• As a member of the Sheet Metal Workers’ & Roofers’ Local 30, you belong to a strong and dynamic union with a proud history of service to its membership. Below are some of the milestones in our history:
  • January 25, 1888 Representatives from Peorio, IL; Kansas City; Omaha, NE; Memphis, TN; Dayton, and Youngstown meet in Toledo, OH to form the Tin, Sheet Iron and Cornice Workers’ International Association. The President was Archibald Barnes; Secretary was A. W. Chatfield; and Robert Kellerstrass was named Treasurer.
  • 1896 Local 30 is the first Canadian Local chartered.
  • 1897 Tin, Sheet Iron and Cornice Workers’ International Association changed to the Amalgamated Sheet Metal Workers’ International Association.
  • 1899 First charter granted to the Union by the American Federation of Labor.
  • 1901 Union membership reported at 5,581 with 108 Local Unions.
  • 1903 Name changed to the Sheet Metal Workers’ International Alliance. Headquarters established in Kansas City, MO.
  • 1907 National Building Trades Department established under the American Federation of Labor. The International becomes a charter member.
  • 1922 The first air conditioning system for human comfort was used in a motion picture theater.
  • 1924 Name changed to Sheet Metal Workers’ International Association.
  • 1925 Pacific Coast Conference of Sheet Metal Workers agres to affiliate with the Sheet Metal Workers Alliance. Membership grows about 24,000 with 441 Local Unions.
  • 1927 Sheet Metal Workers from Local 206 in San Diego, CA build a major portion of what became the “Spirit of St. Louis.” This is the plane Charles Lindbergh flew across the Atlantic in May 1927.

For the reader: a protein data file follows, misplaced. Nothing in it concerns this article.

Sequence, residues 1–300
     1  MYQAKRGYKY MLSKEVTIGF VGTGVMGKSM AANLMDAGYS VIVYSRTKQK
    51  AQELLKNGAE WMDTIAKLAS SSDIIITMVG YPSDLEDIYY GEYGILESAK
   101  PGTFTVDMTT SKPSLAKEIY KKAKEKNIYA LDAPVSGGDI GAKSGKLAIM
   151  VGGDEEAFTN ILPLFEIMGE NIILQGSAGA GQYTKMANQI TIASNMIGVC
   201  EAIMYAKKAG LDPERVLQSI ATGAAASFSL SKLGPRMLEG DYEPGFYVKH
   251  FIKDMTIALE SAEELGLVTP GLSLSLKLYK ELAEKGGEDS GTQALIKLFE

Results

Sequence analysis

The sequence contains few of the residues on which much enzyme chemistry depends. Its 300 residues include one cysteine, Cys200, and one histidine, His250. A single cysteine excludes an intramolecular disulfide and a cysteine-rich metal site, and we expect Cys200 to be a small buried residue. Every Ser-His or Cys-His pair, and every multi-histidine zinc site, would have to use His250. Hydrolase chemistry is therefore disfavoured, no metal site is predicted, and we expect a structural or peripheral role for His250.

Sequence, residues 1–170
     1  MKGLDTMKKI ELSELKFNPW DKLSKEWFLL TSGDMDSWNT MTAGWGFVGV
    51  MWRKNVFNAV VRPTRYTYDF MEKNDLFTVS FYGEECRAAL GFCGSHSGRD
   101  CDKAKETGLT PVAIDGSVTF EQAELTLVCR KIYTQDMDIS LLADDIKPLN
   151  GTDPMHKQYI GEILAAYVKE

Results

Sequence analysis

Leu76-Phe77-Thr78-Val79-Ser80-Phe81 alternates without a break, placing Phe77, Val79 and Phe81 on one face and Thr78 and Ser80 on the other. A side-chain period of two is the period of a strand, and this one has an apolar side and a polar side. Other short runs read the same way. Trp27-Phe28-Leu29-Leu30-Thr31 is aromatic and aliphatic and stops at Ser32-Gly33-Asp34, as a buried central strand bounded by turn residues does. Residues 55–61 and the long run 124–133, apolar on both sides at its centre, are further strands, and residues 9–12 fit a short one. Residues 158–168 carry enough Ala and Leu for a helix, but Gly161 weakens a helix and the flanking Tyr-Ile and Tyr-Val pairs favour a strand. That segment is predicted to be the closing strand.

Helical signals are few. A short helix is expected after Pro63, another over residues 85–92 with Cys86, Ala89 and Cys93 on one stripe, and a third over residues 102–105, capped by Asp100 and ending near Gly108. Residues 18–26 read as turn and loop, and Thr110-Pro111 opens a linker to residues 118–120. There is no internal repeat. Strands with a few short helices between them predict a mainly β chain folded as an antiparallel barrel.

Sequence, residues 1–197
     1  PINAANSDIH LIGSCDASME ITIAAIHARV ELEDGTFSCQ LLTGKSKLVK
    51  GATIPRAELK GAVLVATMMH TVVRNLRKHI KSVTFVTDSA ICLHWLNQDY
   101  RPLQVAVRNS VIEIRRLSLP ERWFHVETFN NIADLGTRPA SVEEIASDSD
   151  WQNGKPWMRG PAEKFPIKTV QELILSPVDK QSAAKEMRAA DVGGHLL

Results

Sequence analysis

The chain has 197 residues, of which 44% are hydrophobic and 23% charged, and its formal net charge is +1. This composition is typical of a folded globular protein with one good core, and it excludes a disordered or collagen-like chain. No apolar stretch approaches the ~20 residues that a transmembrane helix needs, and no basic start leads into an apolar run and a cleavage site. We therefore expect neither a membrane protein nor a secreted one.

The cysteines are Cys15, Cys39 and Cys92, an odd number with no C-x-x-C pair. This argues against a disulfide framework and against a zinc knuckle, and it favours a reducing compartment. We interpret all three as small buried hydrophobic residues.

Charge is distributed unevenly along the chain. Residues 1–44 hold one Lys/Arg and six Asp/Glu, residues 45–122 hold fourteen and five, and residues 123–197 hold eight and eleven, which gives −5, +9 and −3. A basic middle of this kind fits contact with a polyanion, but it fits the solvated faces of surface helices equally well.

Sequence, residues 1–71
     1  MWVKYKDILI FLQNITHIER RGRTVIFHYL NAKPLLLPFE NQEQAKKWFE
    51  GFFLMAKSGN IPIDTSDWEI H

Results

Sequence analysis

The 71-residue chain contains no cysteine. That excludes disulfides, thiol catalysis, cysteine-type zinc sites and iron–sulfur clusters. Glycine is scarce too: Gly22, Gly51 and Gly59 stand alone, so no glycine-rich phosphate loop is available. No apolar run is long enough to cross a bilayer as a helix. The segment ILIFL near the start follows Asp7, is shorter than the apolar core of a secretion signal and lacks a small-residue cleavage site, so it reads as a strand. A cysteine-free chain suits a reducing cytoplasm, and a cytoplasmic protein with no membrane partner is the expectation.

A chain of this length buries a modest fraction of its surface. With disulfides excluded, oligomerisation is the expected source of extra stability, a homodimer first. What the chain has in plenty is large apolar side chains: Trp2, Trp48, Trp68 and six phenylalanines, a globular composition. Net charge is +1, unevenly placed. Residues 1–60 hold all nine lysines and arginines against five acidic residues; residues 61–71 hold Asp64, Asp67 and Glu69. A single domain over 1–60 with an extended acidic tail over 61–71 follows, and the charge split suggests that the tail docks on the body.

• 1942 During WWII, a number of Sheet Metal Workers were engaged in “secret work” associated with development of an atomic bomb.
  • 1952 Local 30 became the first Local in the SMWIA and Canada to represent Roofers. First pension checks issued by Local 28 in New York City, NY. This program is the first of its kind in the building trades.
  • 1957 International begins tracking industry products manufactured under collective bargaining agreements.
  • 1962 SMWIA becomes first union to offer its members accident insurance – protecting members at work and at home in case of accidental death.
  • 1971 National Maintenance Policy Agreement established to promote labour-management cooperation in he construction trades.
  • 1981 National Energy Management Institute created in partnership with the Sheet Metal and Air Conditioning Contractors Association (SMACNA).
  • 1986 Sheet Metal Occupational Health Institute established to address asbestos exposure in Sheet Metal Workers.
  • 1988 Sheet Metal Workers’ International Association celebrates 100th anniversary.
  • 1996 Department of Education established to provide a specialized training curriculum for the future union leaders.
  • 2000 First Bi-Annual Labor-Management Partnership Conference hosted by SMACNA and SMWIA.
  • 2003 SMWIA joins the Industrial Union Council (IUC). The Industrial Union Council consists of 14 unions with members represented in manufacturing.
  • 2004 SMWIA Local 41, the first SMWIA Local Union outside the U.S. and Canada, is established in San Juan, Puerto Rico.
  • 2005 SMWIA Members receive degrees from the National Labor College.
  • 2005 First moves toward merger between SMWIA and UTU initiated
  • 2006 Live Up to the Promise video calls for standards of conduct
  • 2007 SMWIA-UTU (SMART) merger agreement negotiated, approved by SMWIA GEC, ratified by UTU membership.
  • 2008 SMWIA adopts Code of Excellence.
  • 2009 Code of Excellence endorsed by SMWIA and SMACNA.
  • 2011 Merger of the United Transportation Union and the SMWIA confirmed by arbitration to form the International Association of Sheet Metal, Air, Rail and Transportation Workers (SMART)
  • 2013 SMART receives official charter from the AFL-CIO – 2014 SMART holds its First General Convention in Las Vegas, NV from August 12 to the 15th.
  • Present Continuing to represent all the SMWIA members.

Since its founding, the SMWIA has continued its growth during times of war, peace, depression and prosperity. We now represent about 150,000 active and retired workers in areas such as HVAC installation, fabrication, repair, and service; architectural sheet metal; manufacturing, metal roofing, railroad and shipyard work and a range of other industries and occupations.